Watch Big Ben sound its ‘bongs’ for the last time in four years

Big Ben today sounded its final tolls before being silenced for four years for health and safety reasons ahead of a multi-million pound refurbishment.

MP joined Londoners and tourists outside Elizabeth Tower at noon as the bells chimed for the last time before the four-year renovation period commenced.

Parliamentary officials took the controversial decision to silence Big Ben amid concerns the loud bongs could damage the hearing of maintenance workers on the tower.

On Monday morning, crowds began gathering outside the Palace of Westminster to witness the final chimes until 2021.

Big Ben is silenced for four years


Big Ben is to be silenced today for the next four years

AP Photo/Caroline Spiezio


A row has broken out about the silencing of the bells



Workers installed scaffolding as the major restoration was beginning



Big Ben will fall silent at midday

Jeremy Selwyn


Tourists gathered to hear the bell silence for the last time in several years

Jeremy Selwyn


Workers erect scaffolding around Big Ben’s tower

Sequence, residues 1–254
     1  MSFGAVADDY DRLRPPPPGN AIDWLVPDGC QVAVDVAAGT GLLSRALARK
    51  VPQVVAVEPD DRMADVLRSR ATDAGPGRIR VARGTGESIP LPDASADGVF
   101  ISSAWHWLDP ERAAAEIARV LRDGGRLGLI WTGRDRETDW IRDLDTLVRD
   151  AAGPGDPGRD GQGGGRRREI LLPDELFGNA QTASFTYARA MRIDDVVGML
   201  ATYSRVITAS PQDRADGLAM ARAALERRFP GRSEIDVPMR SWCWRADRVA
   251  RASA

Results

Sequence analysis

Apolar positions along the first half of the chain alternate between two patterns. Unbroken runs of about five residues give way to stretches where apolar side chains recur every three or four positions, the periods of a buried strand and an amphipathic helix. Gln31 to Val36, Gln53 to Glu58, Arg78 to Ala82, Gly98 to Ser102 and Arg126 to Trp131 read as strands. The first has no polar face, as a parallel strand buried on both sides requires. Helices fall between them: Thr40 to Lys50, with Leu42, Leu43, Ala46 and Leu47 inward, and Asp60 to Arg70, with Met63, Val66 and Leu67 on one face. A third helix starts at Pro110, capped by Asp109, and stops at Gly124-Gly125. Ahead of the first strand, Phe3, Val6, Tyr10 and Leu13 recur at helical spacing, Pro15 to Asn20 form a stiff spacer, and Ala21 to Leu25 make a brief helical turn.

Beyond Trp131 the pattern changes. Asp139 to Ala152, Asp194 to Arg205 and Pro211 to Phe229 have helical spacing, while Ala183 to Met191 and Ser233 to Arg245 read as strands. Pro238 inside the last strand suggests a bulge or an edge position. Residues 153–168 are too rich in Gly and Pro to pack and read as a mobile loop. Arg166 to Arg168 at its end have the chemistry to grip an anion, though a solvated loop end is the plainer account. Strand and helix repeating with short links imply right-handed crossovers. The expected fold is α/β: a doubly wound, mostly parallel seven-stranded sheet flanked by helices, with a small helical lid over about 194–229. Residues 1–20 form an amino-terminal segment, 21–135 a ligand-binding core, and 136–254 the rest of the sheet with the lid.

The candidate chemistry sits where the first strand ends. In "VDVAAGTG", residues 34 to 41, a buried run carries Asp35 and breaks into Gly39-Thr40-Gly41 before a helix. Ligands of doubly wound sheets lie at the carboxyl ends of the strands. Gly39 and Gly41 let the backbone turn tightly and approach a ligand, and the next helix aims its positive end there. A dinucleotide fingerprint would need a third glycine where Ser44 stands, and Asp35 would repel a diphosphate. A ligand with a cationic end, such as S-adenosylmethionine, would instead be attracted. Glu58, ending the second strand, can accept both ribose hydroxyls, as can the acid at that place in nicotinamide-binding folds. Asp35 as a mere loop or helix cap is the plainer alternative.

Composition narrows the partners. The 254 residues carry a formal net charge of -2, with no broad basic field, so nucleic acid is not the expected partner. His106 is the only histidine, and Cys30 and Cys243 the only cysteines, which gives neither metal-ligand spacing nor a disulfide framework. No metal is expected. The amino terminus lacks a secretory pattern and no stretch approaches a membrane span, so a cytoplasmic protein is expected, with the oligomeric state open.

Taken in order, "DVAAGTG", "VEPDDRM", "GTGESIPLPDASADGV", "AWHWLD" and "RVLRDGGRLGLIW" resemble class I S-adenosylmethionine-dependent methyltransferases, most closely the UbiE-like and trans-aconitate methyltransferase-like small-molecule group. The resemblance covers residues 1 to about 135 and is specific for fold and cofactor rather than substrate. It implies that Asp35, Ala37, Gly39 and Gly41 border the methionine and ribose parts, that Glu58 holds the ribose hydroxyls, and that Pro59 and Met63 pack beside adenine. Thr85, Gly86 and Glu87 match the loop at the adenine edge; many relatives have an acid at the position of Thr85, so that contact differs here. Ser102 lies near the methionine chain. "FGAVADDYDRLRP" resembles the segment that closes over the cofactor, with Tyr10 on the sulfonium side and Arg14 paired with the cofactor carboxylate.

Jeremy Selwyn


The bells were silenced to protect workers’ hearing

Jeremy Selwyn


Tourists take a selfie in front of Big Ben’s tower


Labour MP Stephen Pound had previously vowed to mark the event with several “like-minded traditionalists” by “standing with a bowed head in the courtyard”.

Big Ben: People gathered to film the Queen Elizabeth Tower before the bells are silenced (REUTERS)

The renovation period marks the longest time in the landmark’s 157-year history that it will be silent.

Following the announcement, Prime Minister Theresa May joined her colleagues in criticising the decision to silence the bells and calling for the House of Commons Commission to rethink plans.

The Commission, which is made up of MPs, officials, lay members, and chaired by Commons Speaker John Bercow, has said it will review the timescale for repairs.

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